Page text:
Skip top navigation and go to page content
National Science Foundation
People & Society
next page People & Society Home
next page More Research Overviews

Neural-cognitive processes, behaviors, context and social interactions are all dimensions of children's growth and development. Peer relationships and informal learning constitute one research area of intense interest to scientists.
Credit: Microsoft

How Do People Develop as Social Beings?
How do people develop as individuals and as social beings? How do families affect individuals? Why do families take many forms?

Studying these topics scientifically yields important insights into what it means to be human and to be in society with others. Social scientists study the relationships among processes in our brains and our behavior and cognition; how children and teenagers learn in school and in other places; the role of family and friend relationships, status and other elements in personal and social development; how we perceive through our senses, put information together and form beliefs; and how we form memories and how those memories can change.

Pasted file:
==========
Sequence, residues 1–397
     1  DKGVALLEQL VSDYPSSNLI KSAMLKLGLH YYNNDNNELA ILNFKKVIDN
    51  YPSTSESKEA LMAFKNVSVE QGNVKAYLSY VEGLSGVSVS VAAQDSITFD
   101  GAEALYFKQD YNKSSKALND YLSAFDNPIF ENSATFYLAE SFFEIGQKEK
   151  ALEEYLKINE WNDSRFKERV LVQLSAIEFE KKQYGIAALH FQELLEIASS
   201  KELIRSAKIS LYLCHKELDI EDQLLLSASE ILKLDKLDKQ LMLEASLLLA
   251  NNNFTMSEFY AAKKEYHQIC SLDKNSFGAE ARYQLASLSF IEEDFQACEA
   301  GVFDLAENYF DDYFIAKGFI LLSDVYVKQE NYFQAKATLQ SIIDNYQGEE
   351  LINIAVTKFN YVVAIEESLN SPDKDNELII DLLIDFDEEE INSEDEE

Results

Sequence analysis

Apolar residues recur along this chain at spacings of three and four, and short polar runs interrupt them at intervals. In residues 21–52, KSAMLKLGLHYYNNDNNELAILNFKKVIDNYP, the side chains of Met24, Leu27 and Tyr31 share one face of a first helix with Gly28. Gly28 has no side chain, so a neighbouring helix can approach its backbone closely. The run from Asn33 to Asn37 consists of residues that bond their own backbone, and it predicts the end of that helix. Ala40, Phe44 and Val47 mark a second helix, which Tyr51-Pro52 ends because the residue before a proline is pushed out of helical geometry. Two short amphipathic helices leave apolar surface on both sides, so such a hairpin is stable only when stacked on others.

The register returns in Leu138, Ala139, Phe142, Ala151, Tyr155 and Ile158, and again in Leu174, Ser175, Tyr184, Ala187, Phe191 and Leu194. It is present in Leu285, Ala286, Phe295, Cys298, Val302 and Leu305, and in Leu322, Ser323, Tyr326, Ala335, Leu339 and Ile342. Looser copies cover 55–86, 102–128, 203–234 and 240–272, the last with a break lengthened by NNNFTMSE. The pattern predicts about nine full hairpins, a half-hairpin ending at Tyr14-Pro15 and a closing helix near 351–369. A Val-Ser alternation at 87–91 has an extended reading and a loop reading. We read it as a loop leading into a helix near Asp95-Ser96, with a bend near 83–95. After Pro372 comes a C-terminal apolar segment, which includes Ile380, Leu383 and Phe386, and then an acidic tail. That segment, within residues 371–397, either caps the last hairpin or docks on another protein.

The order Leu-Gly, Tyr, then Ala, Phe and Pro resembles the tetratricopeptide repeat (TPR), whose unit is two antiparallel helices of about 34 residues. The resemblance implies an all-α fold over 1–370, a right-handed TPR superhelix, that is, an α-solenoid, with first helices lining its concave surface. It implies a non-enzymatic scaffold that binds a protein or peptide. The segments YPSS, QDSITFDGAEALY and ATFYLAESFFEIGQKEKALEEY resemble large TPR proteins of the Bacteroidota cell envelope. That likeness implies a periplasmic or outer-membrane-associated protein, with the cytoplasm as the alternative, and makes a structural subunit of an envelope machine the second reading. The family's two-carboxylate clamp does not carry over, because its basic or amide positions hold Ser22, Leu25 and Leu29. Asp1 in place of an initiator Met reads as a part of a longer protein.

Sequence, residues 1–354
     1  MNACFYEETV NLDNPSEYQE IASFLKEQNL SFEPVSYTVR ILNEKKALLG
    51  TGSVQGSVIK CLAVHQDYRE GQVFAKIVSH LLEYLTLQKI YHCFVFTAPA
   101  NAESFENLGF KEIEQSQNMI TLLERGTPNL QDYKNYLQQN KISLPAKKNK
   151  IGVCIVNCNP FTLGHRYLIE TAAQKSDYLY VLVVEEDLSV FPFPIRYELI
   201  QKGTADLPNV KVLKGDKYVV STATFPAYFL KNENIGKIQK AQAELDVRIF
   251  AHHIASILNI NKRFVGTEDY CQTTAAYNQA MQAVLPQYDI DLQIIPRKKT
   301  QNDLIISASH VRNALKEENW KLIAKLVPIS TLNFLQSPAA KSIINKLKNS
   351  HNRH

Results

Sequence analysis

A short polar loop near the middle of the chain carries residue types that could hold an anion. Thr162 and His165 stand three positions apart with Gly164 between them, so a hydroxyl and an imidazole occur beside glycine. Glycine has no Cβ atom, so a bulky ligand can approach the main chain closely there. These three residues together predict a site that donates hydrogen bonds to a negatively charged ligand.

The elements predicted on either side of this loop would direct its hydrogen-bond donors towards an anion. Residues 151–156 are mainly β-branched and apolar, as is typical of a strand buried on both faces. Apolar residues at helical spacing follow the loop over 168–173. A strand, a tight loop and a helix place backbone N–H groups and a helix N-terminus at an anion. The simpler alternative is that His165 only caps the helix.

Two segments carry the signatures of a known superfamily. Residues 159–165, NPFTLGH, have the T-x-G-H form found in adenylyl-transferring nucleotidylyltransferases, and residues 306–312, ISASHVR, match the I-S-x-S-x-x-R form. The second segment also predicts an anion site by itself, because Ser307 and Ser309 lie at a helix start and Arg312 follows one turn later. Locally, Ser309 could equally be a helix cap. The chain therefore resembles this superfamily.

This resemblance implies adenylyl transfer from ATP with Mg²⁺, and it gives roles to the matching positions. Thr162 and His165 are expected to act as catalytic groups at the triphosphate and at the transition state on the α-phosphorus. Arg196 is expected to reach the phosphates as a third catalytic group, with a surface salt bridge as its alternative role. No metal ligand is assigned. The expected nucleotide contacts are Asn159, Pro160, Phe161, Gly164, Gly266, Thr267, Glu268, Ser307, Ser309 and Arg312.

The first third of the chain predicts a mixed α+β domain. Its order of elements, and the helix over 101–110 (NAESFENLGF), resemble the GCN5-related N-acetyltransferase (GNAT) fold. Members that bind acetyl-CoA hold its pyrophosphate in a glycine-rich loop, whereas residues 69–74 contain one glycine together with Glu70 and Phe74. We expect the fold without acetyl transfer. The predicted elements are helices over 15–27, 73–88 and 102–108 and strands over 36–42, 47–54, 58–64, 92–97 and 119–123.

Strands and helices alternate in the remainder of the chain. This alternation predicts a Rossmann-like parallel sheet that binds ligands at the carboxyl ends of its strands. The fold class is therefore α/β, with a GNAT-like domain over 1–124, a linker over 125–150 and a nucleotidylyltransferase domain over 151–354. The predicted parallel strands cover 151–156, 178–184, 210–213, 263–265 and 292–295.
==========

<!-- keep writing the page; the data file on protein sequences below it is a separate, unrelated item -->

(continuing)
Individual growth and social development constitute pieces of the same puzzle. Scientists examine social and developmental issues over the course of a life—from infant behavior to schoolchildren’s learning processes to adult attitudes and responses to situations.

At various stages of life, different social groups become important: family, peers, schools, businesses and so on. People make choices about groups—to join a gang or not, for example. Scientists study how groups influence individuals and how individuals choose their affiliations.

How Do People Make Decisions? [Next]